* At the time of this report, substantive changes were being proposed for this program, including elimination.

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local incentives, which encourage business investment and promote the creation of new jobs. There are currently 42 EZs in California. The usage of Enterprise Zones in Rural California is very low with only Shasta, Siskiyou, Imperial Counties, Westside – Tule and the City of Watsonville. Foreign Trade Zone – A Foreign Trade Zone (FTZ) is an area that is physically located within the United States, but deemed to be outside the territory of U.S. Customs. Because of this, most foreign-made parts, components and merchandise may enter a Zone without payment of U.S. Customs duties, fees and certain taxes. Subzones-Subzones allow companies that import or export their products to take advantage of Foreign Trade Zone benefits without having to physically relocate within the Foreign Trade Zone. HUBZone – The HUBZone Empowerment Contracting Program, which is included in the Small Business Reauthorization Act of 1997, stimulates economic development and creates jobs in urban and rural communities by providing contracting preferences to small businesses that are located in a HUBZone and that hire employees who live in a HUBZone. SBA is responsible for regulating and implementing the HUBZone Program. Innovation Hub Initiative – The iHub initiative will improve the State’s national and global competitiveness by stimulating partnerships, economic development, and job creation around specific research clusters through State-designated iHubs. The iHubs will leverage assets such as research parks, technology incubators, universities, and federal laboratories to provide an innovation platform for startup companies, economic development organizations, business groups, and venture capitalists. Manufacturing Enhancement – Manufacturing Enhancement Areas (MEAs) were established in California to stimulate development in selected economically depressed areas. The MEA program provides a hiring incentive for entities and individuals that operate or invest in a business located within a designated MEA. Brawley and Calexico, California’s two Manufacturing Enhancement Areas are focused on stimulating job creation in the Border region. REAP Zones – USDA advocated a pilot concept for rural revitalization and community development called Rural Economic Area Partnership (REAP) Zones. The REAP Initiative was established to address critical issues related to constraints in economic activity and growth, low density settlement patterns, stagnant or declining employment, and isolation that has led to disconnection from markets, suppliers, and centers of information and finance.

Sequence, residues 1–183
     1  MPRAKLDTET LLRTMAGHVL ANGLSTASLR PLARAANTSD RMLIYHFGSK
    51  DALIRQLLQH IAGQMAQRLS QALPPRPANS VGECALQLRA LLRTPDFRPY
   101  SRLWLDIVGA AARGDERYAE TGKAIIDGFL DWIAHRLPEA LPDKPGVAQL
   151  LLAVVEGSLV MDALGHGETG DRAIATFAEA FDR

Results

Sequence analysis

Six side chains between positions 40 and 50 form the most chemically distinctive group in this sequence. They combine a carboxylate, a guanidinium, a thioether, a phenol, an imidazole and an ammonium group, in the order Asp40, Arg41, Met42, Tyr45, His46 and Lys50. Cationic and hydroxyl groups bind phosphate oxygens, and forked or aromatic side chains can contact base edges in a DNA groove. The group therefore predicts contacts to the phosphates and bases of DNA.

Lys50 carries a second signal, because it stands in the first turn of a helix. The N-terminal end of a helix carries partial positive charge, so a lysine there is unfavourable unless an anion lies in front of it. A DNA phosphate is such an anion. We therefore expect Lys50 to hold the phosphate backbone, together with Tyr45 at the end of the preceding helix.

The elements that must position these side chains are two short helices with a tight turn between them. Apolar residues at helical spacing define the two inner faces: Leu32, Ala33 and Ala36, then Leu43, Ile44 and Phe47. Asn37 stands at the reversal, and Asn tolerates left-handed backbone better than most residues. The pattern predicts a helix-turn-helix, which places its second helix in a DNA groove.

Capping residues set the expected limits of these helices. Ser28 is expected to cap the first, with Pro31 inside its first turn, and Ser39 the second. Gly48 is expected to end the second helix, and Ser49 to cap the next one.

Framework of an EDC
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Recycling Market Development Zone – The Recycling Market Development Zone (RMDZ) program combines recycling with economic development to fuel new businesses, expand existing ones, create jobs, and divert waste from landfills. This program provides attractive loans, technical assistance and free product marketing to businesses that use materials from the waste stream to manufacture their products and are located in a zone. The zone cover roughly 71,790 square miles of California from the Oregon border to San Diego. Redevelopment Districts* – Redevelopment is a tool created and regulated by State law to revitalize communities, assist local governments in eliminating blight from designated areas, as well as to achieve development, reconstruction, and rehabilitation of residential, commercial, industrial, and retail districts. Over 400 California cities and counties have adopted local redevelopment plans. Geographically-Targeted Economic Development Areas – California currently has four types of Geographically-Targeted Economic Development Areas (G-TEDAs). Each of these areas has related tax incentive benefits as well as a variety of locally provided incentives and benefits. The purpose of these benefits is to stimulate business investment and job creation for qualified disadvantaged individuals in State-designated economically distressed areas. These areas are: Enterprise Zones, Local Agency Military Base Recovery Areas, Manufacturing Enhancement Areas, and Targeted Tax Areas.

* At the time of this report, substantive changes were being proposed for this program, including elimination.

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In terms of a “wish list” from EDCs, our survey asked the following open-ended question regarding desired changes in legislation. Which State laws or legislative changes would improve the effectiveness of EDCs? Answers were clustered as follows:

Framework of an EDC

EDC Wish List